Researching and using the materials from the fields of cartography, environmental, political and urban geography, urban photography and design, architecture, macro and micro economy, political philosophy, international relations, political and social science, Imagining New Eurasiais a project to visualize the continental and urban structure of the New Silk Roads; the new relations and networks that are beginning to reshape Eurasia.
Imagining New Eurasia Project proposes to present three chapters over 3 years. Each chapter will be accompanied with video projections within a New Eurasia Pavilion, exhibition, and publication. The following iteration will be presented from November 2015 to 2017. [The topic and the order of their sequence are subject to changes and further developments.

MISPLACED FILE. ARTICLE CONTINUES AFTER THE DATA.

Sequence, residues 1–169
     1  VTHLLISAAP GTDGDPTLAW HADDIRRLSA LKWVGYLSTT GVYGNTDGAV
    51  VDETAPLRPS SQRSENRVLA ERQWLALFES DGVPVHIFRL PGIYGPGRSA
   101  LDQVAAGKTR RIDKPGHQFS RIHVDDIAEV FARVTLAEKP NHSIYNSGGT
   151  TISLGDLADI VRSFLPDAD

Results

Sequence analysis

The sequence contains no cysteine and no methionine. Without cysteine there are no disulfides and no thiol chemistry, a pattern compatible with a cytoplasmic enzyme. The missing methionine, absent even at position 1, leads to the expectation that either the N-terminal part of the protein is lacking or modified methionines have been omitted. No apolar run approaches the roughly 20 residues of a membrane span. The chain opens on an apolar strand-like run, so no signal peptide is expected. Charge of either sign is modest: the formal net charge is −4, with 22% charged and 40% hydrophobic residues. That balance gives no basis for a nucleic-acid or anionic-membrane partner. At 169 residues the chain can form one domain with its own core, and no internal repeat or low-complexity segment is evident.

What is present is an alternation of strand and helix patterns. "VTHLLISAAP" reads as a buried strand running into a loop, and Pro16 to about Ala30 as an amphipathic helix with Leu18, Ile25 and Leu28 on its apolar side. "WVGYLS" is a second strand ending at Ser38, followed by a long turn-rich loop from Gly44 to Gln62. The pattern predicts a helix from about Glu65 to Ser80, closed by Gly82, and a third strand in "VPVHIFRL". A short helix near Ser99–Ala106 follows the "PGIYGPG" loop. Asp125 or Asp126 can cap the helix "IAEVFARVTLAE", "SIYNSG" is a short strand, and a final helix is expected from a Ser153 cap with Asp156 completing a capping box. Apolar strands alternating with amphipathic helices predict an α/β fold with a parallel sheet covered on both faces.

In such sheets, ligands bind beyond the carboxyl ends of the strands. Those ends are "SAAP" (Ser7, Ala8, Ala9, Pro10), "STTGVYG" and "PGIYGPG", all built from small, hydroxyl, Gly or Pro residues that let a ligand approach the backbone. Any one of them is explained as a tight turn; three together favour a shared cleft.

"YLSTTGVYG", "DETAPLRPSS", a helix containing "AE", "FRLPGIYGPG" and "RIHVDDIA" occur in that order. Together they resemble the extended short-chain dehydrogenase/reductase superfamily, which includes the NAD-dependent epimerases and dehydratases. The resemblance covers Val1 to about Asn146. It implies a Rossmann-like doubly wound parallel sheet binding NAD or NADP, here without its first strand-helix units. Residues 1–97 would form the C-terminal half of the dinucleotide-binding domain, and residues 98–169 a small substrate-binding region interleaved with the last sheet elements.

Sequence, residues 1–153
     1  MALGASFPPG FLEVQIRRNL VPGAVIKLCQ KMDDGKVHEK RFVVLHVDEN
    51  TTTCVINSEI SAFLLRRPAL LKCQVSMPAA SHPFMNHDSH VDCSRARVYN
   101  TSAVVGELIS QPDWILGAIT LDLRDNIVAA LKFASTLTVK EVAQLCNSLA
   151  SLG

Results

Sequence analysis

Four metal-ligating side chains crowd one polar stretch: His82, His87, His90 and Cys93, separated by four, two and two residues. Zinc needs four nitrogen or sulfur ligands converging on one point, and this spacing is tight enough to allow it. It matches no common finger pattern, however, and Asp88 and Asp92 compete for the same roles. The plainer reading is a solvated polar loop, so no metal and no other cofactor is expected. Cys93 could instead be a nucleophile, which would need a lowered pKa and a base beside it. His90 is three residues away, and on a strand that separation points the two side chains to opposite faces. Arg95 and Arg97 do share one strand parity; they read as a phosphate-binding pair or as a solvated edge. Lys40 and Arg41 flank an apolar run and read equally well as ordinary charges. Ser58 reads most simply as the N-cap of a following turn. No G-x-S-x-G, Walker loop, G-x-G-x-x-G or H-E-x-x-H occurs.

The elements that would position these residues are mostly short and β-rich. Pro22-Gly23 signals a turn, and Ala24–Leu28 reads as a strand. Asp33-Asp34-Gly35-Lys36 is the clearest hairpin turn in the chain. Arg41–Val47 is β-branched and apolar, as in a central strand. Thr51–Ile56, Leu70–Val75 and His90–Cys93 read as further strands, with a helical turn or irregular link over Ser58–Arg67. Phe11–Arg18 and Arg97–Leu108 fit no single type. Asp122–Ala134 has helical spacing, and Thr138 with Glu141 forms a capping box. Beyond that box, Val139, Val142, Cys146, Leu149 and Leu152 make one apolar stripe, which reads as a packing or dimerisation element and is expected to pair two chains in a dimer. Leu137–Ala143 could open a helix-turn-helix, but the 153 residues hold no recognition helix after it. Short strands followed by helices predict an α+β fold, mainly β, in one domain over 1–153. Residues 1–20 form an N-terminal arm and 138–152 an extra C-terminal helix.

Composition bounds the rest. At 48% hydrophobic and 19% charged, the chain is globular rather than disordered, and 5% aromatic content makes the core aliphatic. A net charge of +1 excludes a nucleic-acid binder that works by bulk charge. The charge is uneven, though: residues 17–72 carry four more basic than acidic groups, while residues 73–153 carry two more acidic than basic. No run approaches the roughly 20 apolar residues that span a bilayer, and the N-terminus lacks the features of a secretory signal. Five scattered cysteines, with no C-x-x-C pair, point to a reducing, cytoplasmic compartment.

Mine, Yours, and Ours: Borders, Territories, and Unions
By affirming that every place in Eurasia has been occupied by different people, languages, and states, this chapter will visualize the ephemeral condition of land-based identity and culture. The focus will be on border cities and regions that continue to challenge the stasis of territories, while endorsing the integrative quality of the border over its divisional mandate.